Retrieving information from the NCBI with Entrez
Entrez is a retrieval system for searching several linked databases stored at the NCBI (National Computational Bioinfology Institute of the United States).
During this tutorial, we will learn to use the interface of NCBI Entrez to retrieve a protein of interest. As will be seen, a simple formulation of the query generally returns too many hits, and the desired answer may be lost in hundreds or thousands of other records. We will see how to use advanced search options in order to refine the query.
Quick panorama of the databases
- Open the Entrez home pagehttp://www.ncbi.nlm.nih.gov/Entrez/You can see the impressive list of the databases supported at Entrez.
- As a first trial, we will see which of these databases contain information aout our gene of interest (e.g. Gal4). In the query box, type
How many results are returned for the submitted keyword in the different databases?
The query we formulated by entering a single keyword was obviously too imprecise, and we thus obtained tens of thousands of hits in different databases. In the subsequent steps we will learn how to use the Entrez query interface in order to formulate precise queries.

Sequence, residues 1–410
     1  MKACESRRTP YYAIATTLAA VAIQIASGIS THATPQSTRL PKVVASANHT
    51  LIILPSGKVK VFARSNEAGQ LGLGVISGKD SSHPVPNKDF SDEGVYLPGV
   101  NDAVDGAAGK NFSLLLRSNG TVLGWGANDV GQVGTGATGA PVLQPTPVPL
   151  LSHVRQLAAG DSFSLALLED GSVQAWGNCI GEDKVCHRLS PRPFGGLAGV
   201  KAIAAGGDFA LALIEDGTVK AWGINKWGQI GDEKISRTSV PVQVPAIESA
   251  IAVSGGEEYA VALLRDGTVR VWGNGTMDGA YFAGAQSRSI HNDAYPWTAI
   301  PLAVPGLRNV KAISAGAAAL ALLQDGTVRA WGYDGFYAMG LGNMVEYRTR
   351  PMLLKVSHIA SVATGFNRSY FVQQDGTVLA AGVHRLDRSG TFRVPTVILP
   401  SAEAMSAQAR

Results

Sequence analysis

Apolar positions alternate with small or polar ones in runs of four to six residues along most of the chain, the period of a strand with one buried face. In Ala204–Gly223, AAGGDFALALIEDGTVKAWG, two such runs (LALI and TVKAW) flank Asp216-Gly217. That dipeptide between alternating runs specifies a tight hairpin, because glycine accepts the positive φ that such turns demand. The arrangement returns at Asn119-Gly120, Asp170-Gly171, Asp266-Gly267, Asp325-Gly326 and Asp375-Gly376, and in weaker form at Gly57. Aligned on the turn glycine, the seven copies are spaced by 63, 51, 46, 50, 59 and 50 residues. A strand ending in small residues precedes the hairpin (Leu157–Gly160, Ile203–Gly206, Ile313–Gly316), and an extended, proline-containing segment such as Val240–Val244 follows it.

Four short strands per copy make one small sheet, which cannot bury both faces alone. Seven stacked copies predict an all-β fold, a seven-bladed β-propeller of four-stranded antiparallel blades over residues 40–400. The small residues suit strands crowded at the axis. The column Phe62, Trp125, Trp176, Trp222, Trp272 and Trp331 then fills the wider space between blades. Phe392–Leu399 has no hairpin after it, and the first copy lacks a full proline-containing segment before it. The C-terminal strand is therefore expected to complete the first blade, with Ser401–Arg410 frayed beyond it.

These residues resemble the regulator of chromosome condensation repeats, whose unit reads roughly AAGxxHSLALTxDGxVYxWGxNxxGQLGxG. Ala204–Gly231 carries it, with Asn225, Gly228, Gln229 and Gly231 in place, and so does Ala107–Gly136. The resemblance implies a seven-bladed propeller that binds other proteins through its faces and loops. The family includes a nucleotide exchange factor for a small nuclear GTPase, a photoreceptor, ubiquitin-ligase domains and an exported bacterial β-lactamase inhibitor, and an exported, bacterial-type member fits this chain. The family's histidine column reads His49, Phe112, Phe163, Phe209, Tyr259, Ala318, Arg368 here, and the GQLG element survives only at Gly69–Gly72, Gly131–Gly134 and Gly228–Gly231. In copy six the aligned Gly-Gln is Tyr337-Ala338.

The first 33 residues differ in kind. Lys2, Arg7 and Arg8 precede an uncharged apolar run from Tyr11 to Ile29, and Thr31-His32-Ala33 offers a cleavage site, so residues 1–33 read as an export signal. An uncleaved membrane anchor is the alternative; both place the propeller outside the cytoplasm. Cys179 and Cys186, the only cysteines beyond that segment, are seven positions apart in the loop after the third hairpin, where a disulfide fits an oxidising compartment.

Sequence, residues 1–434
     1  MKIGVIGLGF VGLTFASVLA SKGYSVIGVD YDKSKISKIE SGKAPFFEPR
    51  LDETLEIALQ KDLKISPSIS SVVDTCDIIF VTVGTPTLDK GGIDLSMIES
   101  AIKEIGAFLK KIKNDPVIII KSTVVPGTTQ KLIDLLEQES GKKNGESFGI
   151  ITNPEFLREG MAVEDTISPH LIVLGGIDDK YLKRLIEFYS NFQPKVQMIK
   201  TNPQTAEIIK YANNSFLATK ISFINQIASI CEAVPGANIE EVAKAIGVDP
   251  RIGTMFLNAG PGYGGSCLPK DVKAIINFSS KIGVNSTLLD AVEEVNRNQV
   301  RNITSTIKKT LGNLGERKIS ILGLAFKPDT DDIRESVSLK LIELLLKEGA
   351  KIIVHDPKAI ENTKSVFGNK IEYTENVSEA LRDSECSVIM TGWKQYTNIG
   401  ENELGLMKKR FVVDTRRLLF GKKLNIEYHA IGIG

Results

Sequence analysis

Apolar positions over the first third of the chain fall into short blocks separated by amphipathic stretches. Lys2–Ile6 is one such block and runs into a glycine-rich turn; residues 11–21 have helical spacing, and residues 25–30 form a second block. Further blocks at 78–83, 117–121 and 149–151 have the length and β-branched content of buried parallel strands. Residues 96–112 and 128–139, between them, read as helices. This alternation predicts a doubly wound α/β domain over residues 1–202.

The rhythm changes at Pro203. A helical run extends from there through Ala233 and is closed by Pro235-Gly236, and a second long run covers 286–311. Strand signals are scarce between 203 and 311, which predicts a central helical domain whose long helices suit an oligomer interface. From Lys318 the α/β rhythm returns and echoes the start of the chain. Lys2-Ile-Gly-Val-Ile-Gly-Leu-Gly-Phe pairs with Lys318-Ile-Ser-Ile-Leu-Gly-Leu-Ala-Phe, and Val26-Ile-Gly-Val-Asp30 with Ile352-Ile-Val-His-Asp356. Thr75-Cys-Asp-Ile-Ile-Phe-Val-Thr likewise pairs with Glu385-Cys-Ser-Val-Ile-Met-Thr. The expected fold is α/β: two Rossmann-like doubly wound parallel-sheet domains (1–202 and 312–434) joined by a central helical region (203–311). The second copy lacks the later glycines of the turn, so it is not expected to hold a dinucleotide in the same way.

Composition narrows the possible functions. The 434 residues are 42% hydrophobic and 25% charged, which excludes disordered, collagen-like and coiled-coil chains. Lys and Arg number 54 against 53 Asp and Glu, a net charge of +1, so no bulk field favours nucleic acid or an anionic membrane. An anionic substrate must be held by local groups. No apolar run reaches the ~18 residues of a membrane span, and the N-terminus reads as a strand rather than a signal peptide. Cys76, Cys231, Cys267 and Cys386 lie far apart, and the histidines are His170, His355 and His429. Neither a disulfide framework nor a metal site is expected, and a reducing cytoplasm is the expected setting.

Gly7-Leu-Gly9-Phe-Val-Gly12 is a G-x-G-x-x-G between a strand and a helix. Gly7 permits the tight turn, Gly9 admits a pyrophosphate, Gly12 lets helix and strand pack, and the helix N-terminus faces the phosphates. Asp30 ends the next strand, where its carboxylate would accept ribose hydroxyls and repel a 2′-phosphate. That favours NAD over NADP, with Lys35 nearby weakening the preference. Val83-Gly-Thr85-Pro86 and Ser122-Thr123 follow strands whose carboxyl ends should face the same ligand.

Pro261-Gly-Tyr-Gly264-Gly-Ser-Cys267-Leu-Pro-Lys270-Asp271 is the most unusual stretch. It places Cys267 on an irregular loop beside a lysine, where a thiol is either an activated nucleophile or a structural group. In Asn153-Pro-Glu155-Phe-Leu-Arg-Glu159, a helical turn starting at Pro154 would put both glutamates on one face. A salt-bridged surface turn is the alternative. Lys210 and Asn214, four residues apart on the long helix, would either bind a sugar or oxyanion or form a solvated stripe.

A naive query to the protein database
We will now select the protein sequence database in order to collect information about the Gal4 protein from the budding yeast Saccharomyces cerevisiae.
Click on the link Protein: sequence database and enter the query Gal4.
How many results do you obtain ? How many of them correspond to your needs ? How could you try to improve the result ?
The simple query Gal4 returned 61,135 proteins (Aug 2014). Needless to say, this is too much for what we search: the genome of the budding yeast Saccharomyces cerevisiae contains ~6,000 coding genes, and only one of them codes for the Gal4 protein.
A first reason is that we did not impose any constraint on the organism.